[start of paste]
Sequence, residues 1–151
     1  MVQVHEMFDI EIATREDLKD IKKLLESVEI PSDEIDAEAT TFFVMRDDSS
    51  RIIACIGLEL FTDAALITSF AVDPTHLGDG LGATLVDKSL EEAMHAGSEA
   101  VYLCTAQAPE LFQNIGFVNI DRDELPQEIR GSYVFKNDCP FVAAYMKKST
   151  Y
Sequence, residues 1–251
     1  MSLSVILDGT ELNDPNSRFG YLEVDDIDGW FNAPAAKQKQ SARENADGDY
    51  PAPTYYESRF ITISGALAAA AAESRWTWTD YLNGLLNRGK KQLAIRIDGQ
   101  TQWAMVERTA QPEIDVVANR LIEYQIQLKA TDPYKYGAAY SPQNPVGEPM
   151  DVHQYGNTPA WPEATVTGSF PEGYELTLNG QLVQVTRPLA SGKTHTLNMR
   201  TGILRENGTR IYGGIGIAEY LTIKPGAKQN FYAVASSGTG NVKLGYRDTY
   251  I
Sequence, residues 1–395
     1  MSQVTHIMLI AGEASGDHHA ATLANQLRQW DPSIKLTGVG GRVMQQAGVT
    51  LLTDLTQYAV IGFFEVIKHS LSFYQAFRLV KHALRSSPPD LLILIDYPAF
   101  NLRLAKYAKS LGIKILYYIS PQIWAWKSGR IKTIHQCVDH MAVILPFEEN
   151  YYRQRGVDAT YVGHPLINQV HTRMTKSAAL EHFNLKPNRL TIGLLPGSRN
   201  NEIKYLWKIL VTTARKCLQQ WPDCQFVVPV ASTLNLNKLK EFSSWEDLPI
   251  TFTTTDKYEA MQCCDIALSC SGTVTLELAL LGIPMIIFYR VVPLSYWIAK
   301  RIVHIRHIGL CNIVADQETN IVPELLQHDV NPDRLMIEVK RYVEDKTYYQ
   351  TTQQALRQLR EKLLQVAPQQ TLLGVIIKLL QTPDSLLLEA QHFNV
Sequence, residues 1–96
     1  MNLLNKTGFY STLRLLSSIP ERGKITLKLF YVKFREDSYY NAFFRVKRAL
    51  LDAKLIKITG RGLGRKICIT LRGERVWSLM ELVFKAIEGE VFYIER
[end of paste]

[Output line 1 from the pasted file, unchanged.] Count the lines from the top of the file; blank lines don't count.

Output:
Sequence, residues 1–151